Sweet Jazzy Girl

I met my sweet Jazzy Girl the summer of 2009 when I was volunteering at animal shelter as a dog walker. Jazzy, who on top of having parvo, had knee issues and was scared of her own shadow. Once I was able to handle her I had to carry her outside because she was too scared to walk. She was so scared she pooped herself. Due to the combination of her medical (knee issues) and behavioral (fear) issues the shelter didn’t think she would make a good adoption candidate. I offered to foster her to see if her “issues”, with some TLC, would improve. I knew from the moment I brought her home that her and I belonged together and she became an instant foster failure. Since she wasn’t allowed to jump, I slept with her on the floor each night until she was medically cleared to run and jump and be a puppy. Though her knee issues improved she never fully outgrew her fear. Jazzy was my velcro dog. Where I went, she went. As she got older she grew more confident thanks to the support of our other dogs. I never pushed her boundaries so she rarely went too far from home. She was the perfect dog on leash. She always checked in with me and I am pretty sure if I took her off leash she would have stayed by my side. Because of her knees issues she was never able to scratch herself like a normal dog (if she had an itch she would rub against a piece of furniture – kind of like a bear rubbing on a tree). To help her, I would brush her every morning. Jazzy was the first to bark when I walked in the door. And her bark was so very loud. She barked at everything. The only time she was silent was when she was done eating and would wait quietly and patiently to be let out of her kennel. She could jump gates and run fast. She played rough with her brothers and sister (our other dogs). And she was a little trouble maker. She got into a bag of grapes once and I had to rush her to the ER. She loved to give kisses. But she also loved to eat poop. It was a running joke that the secret to her soft fur was all the poop she ate. She loved to be pet on the white patch of fur on her chest. If I stopped she would gently paw at me asking me to keep petting her. She was by my side for some of the biggest moments in my life (good and bad). I always thought she would be by my side. There was never a day that went by, even as her face got grey, that I thought about saying goodbye. She was healthy and crazy, until she wasn’t. Everything happened so fast. The vets suspected she had a brain tumor that finally grew big enough to cause irrevocable neurological damage. There were no warnings signs. No abnormal lab results. I knew after 12 years of being my rock it was time for me to return the favor. Our last night together was spent the same as our first night together. We snuggled on the floor together while I slept on and off, occasionally checking on her to make sure she was Ok. When it was time to let her go I held her paw and told her thank you for being my best friend, apologized a thousand times that I didn’t get to fight for her and told her I loved her. I don’t know if she knew I was there because she had been non responsive all morning. But I hope she heard my voice and felt my hand and knows that I never left her side. It’s been a month and it still feels like we just said goodbye. I light a candle for her every night and tell her I love her, hoping that one day I’ll see her again.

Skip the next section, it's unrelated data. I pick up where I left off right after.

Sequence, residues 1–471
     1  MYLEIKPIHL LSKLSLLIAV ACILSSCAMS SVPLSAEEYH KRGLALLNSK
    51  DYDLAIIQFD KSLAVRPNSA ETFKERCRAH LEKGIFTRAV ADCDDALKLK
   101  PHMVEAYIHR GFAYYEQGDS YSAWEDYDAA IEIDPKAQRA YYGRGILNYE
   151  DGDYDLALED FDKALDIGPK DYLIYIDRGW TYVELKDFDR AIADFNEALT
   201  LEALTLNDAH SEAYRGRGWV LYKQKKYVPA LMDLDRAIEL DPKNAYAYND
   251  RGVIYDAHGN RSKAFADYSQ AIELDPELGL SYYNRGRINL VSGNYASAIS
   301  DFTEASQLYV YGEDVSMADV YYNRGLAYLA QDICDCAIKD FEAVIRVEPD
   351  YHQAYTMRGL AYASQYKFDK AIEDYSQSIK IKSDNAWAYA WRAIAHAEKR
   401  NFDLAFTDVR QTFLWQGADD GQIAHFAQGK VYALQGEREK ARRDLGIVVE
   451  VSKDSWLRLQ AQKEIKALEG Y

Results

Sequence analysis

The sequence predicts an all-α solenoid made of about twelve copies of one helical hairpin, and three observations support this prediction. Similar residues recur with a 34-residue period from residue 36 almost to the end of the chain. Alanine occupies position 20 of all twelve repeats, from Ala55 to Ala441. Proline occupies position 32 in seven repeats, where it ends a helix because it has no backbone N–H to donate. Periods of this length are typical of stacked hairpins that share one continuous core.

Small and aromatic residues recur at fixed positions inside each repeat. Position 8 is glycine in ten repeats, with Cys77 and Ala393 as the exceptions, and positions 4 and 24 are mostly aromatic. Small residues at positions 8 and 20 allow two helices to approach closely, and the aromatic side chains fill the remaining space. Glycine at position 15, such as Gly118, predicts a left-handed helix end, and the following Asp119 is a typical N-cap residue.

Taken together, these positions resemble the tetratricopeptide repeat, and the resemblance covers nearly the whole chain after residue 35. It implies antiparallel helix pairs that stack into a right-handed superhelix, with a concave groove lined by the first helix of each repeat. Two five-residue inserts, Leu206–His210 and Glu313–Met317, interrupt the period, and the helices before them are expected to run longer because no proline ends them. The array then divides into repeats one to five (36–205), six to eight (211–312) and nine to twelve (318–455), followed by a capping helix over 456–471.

Run free sweet Jazzy Girl.
11/3/2009 (her gotcha day)-12/11/2021.